Being assertive means being fully capable of expressing one’s feelings, thoughts, and needs directly, openly and honestly, asserting one’s rights, in a manner which is yet respectful of others. (Lloyd, 1998) As a Massage Therapist who works with children, I have found that Therapeutic Massage has an added benefit to kids that, thus far, seems to be unmentioned in any literature, or anywhere else on the web. My observations suggest that therapeutic massage may help kids learn to be more assertive.
“How is this so?”, one is likely to ask. It’s not as though having sore muscles soothed, in and of itself, has any obvious connection to increased assertiveness. Rather, it’s about the manner in which we orient our clients of all ages, the young, the middle aged, and the elderly, to their massage sessions, and to the therapist.
Massage for children and massage for young adults, middle aged people, retired people, and even the elderly differ significantly in some major respects from one another. Even so, I make sure that each and every client receives the same message verbally at the beginning of the session. I make certain to explain that the massage therapy session should not be intolerably painful.
I explain to all of my clients, kids included, that during the session they may feel how sore some of their muscles are. That’s normal. Everyone carries around a lot of stress, and kids are no different. Some muscles are tight from stress, or overworked from competitive sports training, or a plethora of other reasons. But if a muscle is sore, I explain, it shouldn’t be extremely uncomfortable or intolerably painful while I’m working on that area. If it does, that means I need to use less pressure there.
I further explain that if they feel I’m using too much pressure, then it’s important to immediately speak out and say so. Reducing muscle tensions has proven benefits of reducing stress, while using more pressure than a client is comfortable with is not conducive to relaxation of any sort! It’s just painful at that point, and can have the exact opposite effect on a clients blood pressure from a massage therapist using an appropriate amount of pressure.
With kids, this establishes the habit of being assertive, able to voice their objections to others, letting others know how they feel. This establishes an important behavioral pattern of realizing that they are in control of their lives. And, the benefits of assertiveness do not end there. This is a key quality that we should try to help children develop, because it can help every area of their present and future.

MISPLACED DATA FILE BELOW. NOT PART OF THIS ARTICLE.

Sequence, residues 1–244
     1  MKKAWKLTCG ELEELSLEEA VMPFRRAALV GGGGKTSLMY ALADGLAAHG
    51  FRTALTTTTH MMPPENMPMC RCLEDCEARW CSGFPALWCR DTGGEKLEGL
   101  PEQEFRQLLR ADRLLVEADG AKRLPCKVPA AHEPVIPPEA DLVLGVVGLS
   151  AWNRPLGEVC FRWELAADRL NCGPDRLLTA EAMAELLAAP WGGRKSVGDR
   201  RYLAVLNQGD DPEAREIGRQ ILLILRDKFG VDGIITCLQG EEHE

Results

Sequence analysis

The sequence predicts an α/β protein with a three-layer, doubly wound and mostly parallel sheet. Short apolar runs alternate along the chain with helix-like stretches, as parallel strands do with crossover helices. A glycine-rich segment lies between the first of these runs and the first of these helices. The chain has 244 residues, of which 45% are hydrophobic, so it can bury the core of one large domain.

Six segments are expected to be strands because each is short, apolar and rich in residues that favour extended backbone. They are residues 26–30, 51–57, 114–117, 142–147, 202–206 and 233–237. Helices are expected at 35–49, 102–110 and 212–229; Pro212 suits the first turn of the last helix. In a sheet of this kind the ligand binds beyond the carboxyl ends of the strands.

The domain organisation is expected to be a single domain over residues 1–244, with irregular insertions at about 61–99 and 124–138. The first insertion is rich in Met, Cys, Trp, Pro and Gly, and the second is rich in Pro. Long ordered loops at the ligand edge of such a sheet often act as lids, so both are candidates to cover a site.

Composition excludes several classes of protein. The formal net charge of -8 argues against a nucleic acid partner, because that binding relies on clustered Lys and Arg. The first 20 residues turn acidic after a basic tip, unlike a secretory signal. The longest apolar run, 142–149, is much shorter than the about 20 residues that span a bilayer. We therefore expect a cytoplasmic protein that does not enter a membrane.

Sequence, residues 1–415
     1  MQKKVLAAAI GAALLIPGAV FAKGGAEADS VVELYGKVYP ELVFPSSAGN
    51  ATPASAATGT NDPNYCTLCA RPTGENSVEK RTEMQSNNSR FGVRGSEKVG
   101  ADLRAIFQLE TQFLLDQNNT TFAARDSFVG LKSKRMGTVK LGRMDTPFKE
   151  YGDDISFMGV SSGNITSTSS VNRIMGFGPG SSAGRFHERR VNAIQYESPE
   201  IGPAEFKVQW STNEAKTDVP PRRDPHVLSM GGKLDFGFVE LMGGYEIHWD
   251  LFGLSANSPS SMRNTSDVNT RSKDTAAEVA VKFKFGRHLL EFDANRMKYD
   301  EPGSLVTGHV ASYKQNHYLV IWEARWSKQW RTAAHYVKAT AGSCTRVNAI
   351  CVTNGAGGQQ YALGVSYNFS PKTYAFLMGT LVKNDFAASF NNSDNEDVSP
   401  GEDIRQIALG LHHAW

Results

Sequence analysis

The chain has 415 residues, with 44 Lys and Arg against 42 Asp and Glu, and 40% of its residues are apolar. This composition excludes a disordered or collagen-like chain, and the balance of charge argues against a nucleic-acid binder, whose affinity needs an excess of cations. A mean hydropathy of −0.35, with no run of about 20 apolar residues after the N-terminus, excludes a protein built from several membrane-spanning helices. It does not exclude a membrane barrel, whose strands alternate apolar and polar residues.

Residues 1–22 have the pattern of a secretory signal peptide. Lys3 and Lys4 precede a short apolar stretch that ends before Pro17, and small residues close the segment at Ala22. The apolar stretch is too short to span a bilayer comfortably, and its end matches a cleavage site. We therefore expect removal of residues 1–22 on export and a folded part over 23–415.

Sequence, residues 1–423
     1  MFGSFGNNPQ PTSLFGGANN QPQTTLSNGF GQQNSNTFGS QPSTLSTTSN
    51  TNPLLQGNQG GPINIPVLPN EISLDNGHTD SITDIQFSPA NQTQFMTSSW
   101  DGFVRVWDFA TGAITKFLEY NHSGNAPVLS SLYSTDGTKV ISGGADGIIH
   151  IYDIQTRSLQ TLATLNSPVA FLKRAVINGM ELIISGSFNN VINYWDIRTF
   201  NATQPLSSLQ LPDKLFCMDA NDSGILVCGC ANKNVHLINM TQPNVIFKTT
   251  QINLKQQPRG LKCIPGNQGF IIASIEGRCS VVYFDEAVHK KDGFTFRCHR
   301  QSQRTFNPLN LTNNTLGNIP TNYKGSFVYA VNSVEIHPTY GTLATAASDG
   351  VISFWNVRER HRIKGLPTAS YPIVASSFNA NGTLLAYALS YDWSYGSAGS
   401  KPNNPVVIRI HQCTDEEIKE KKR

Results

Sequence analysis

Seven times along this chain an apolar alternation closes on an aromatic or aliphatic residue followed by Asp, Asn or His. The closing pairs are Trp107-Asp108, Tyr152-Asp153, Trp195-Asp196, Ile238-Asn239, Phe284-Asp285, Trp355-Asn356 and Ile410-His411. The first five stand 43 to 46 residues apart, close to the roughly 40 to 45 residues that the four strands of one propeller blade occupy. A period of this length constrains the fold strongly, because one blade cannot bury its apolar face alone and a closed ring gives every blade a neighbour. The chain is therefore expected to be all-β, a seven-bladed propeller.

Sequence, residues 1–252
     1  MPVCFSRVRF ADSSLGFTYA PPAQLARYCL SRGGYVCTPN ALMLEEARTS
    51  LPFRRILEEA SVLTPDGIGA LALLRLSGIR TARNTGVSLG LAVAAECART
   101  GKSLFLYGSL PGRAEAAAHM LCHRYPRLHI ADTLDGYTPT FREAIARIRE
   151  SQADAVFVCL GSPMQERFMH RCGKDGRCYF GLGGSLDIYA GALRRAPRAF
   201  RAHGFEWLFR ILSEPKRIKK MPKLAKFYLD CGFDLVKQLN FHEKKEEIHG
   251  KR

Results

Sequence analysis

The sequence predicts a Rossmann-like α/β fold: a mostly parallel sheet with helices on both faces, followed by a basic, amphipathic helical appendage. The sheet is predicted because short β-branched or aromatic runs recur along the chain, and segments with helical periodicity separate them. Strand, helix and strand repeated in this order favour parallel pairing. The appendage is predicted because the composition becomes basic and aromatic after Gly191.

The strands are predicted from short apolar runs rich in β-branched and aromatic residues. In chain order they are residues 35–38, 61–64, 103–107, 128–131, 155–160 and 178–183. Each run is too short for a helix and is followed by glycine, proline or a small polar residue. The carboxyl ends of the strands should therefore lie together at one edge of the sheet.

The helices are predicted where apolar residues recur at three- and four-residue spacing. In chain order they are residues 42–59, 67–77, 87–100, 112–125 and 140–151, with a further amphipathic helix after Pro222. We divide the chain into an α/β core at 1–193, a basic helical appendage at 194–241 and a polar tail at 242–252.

During the first few minutes of a session with any new client, I make sure to ask a few times if the pressure is comfortable. (Not so much that it’s bothersome, however!) And this practice of verbally stating to the client that they are the one directing the session is important for all age groups, not just kids. Once I let the client know that it is acceptable to let the therapist know that the pressure is too much, clients are far more likely to say so if they are not finding what I’m doing to be helpful.
I’ve found that elderly people are least likely to speak out and provide feedback without prompting. I would have though it would have been the exact opposite situation. Maybe it’s a vestige of their generational passive orientation toward health care providers? I can’t be sure, but I know that it helps to ask if the pressure is OK, rather than assuming that because a client is quiet, they are comfortable.
And of course, there are times that we underestimate the amount of pressure a client can comfortably tolerate. We all have a different pain threshold, different neurology, as well as other physiological and physical structural differences that make it almost impossible to know 100% of the time how much pressure to use with a client. Asking is key.
Once these parameters have been established verbally, and kids know that during their massage session that they are the person in control, most children speak up without a problem. This changes the experience from a purely passive one, to an active, engaging healing activity that the child has a lead role in.
Sometimes with younger clients, it’s good to engage in talk during the session, or at least during the beginning segment of time. Some modalities of Children’s Massage employ storytelling and simple games, especially for the very young.